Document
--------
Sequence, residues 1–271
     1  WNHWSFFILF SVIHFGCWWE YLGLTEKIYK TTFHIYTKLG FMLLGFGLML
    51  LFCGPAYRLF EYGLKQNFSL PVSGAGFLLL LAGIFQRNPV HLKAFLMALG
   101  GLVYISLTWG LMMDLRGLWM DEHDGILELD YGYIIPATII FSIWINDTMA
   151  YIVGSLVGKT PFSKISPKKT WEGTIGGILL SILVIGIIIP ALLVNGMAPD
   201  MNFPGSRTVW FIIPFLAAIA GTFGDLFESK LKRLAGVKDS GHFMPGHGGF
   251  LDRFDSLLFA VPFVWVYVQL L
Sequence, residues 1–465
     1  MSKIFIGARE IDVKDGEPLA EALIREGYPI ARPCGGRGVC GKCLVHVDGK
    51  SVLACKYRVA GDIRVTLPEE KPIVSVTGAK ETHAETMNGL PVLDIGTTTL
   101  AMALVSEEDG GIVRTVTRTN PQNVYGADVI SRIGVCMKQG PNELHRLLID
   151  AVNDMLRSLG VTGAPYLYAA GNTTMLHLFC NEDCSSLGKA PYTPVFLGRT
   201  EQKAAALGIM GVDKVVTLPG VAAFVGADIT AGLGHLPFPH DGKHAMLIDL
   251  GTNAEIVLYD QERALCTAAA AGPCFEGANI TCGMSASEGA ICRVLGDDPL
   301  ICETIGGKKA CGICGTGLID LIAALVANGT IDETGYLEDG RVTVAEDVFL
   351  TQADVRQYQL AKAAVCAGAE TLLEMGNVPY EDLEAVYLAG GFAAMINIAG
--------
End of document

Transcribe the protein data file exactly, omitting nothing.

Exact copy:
Sequence, residues 1–271
     1  WNHWSFFILF SVIHFGCWWE YLGLTEKIYK TTFHIYTKLG FMLLGFGLML
    51  LFCGPAYRLF EYGLKQNFSL PVSGAGFLLL LAGIFQRNPV HLKAFLMALG
   101  GLVYISLTWG LMMDLRGLWM DEHDGILELD YGYIIPATII FSIWINDTMA
   151  YIVGSLVGKT PFSKISPKKT WEGTIGGILL SILVIGIIIP ALLVNGMAPD
   201  MNFPGSRTVW FIIPFLAAIA GTFGDLFESK LKRLAGVKDS GHFMPGHGGF
   251  LDRFDSLLFA VPFVWVYVQL L
Sequence, residues 1–465
     1  MSKIFIGARE IDVKDGEPLA EALIREGYPI ARPCGGRGVC GKCLVHVDGK
    51  SVLACKYRVA GDIRVTLPEE KPIVSVTGAK ETHAETMNGL PVLDIGTTTL
   101  AMALVSEEDG GIVRTVTRTN PQNVYGADVI SRIGVCMKQG PNELHRLLID
   151  AVNDMLRSLG VTGAPYLYAA GNTTMLHLFC NEDCSSLGKA PYTPVFLGRT
   201  EQKAAALGIM GVDKVVTLPG VAAFVGADIT AGLGHLPFPH DGKHAMLIDL
   251  GTNAEIVLYD QERALCTAAA AGPCFEGANI TCGMSASEGA ICRVLGDDPL
   301  ICETIGGKKA CGICGTGLID LIAALVANGT IDETGYLEDG RVTVAEDVFL
   351  TQADVRQYQL AKAAVCAGAE TLLEMGNVPY EDLEAVYLAG GFAAMINIAG